It’s not a rhetorical question to me

“Hey, how are you?”

This used to be a mundane greeting that was asked rhetorically as a formality, a neutral social transaction meant to start the conversation and avoid awkward silence. But now, I feel like a liar when I answer that I’m doing well. As the year has progressed, my answer has shifted from “I’m good!” to “I’m fine,” to “I’ve been better, I’ve been worse,” to “I’m existing,” to my current go-to, “Do you really want to know?”

Time blurs together, and so does my sense of self. Some days, I’m on top of the world, attending all my Zoom lectures and club meetings, finishing paper after paper. Other days — scratch that, most days — I’m in a mental and emotional rut, one that I unwillingly keep digging down deeper into after initially putting my shovel in the ground. I’ll get out of bed late one day because I was up the night before catching up on assignments, and then I won’t be able to get a lot done that day, which makes me feel worse about myself, and then I repeat the cycle again and again, falling into a vicious torrent of self-loathing and unproductivity.

Some people have been able to use their time in quarantine and shift to virtual-everything productively; they’ve reorganized their homes, started small businesses, gotten into shape and have been living their best lives. And that’s truly great, no doubt. But I speak from the perspective of an individual who is working as a resident assistant, or RA, amid the pandemic, in addition to a part-time campus job at Moffitt Library, all while trying to balance schoolwork, extracurricular activities and a social life (virtually and abiding by COVID-19 regulations). And to top it all off, apparently we’re in peak season for applying to summer internships. When am I supposed to find time to take care of myself?

I realize that I speak from a place of privilege in that I even have the opportunity to serve as an RA, to learn through digital means, to even get the chance to speak about my experiences through the platform that is The Daily Californian’s website. My heart also goes out to those who have lost loved ones and experienced immense hardships during this pandemic, and I admire the resilience of everyone who has been doing whatever they need to do in order to get through these traumatic times, however that may be.

For my part, on some days all I can manage to do is exist. And I’m trying to learn that this is enough. I don’t have advice for anyone who might be feeling similarly to how I am during this pandemic — often hopeless, unmotivated and so many other feelings you might not even be able to identify. But one of the steps I’ve been trying to take is engaging in honest reflection. I’m trying to respect my mental and emotional boundaries, creating a stable foundation that I can grow my feelings from.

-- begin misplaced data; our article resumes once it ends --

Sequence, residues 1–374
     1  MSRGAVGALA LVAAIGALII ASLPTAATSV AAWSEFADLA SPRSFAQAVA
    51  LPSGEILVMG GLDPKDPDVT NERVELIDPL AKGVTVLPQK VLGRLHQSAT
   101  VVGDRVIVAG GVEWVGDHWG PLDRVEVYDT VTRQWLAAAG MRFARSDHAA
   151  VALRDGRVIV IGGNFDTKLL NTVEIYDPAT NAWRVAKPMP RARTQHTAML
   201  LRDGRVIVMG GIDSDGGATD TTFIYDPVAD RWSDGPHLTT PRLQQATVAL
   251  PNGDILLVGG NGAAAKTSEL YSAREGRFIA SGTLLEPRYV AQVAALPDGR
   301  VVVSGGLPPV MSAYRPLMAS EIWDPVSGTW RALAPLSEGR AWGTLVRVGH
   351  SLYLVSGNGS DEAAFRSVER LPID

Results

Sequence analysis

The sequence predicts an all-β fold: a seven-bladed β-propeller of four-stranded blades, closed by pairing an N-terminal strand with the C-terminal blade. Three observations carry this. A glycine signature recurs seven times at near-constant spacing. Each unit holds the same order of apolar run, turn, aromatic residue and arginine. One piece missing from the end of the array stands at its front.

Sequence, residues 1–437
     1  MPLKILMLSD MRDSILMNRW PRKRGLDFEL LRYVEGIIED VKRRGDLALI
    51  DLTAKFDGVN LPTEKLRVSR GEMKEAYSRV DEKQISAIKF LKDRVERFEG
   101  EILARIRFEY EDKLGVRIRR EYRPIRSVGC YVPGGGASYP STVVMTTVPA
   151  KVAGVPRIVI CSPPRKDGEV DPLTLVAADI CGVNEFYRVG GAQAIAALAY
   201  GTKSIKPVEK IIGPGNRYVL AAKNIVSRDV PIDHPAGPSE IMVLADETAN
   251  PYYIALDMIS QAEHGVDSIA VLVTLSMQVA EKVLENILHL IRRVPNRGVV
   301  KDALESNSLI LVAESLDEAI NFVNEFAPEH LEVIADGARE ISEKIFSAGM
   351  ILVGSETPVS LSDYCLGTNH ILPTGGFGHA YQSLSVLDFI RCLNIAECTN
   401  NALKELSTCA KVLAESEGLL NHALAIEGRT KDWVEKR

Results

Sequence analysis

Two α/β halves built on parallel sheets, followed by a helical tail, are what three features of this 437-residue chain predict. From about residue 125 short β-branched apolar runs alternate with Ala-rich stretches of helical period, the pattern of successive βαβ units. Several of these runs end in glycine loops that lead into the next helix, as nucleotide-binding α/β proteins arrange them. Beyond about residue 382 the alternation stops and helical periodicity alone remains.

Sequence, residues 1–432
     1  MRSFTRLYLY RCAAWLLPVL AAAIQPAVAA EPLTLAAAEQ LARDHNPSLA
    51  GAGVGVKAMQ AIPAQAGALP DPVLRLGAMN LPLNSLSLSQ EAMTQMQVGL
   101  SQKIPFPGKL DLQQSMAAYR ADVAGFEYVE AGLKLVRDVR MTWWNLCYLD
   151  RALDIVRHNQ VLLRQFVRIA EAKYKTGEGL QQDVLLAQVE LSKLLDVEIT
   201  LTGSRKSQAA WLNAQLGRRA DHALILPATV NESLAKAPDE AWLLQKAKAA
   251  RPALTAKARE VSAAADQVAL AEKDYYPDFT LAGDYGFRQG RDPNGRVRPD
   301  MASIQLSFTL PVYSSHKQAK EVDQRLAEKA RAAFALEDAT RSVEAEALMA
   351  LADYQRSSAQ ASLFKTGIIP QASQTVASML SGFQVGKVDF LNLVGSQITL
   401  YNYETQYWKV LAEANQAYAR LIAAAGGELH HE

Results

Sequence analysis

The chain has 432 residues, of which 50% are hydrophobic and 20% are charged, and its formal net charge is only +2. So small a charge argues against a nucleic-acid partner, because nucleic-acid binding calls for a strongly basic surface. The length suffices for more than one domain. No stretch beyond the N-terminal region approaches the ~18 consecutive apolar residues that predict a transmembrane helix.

I’ve also been trying to be more open with others in discussing my mental health, such as emailing my supervisors when I just need to step back and take a breather on the days when I feel like I can’t even get out of bed because there’s a weight on my mind and shoulders pushing me off the ledge of the rut. I’ve had similar conversations with friends, and this has, in turn, allowed us to be more open with one another in discussing our personal mental and physical well-being and develop closer relationships.

On the good days, I’ll try to meditate, journal my thoughts and feelings, exercise — all the standard recommendations that are given by therapists. On the more common days, I’ll watch “Adventure Time” in order to escape from this world to a happier place filled with adorable characters and plots that always have a happy ending, or I’ll listen to sad playlists that I made that make me want to cry more, not less. It might sound counterintuitive, but it helps me to better process my emotions, fully feel them and accept them as a part of me during this time when I often don’t even know the answer to the most mundane of questions, such as, “How are you?”

Contact Jenny Lee at [email protected].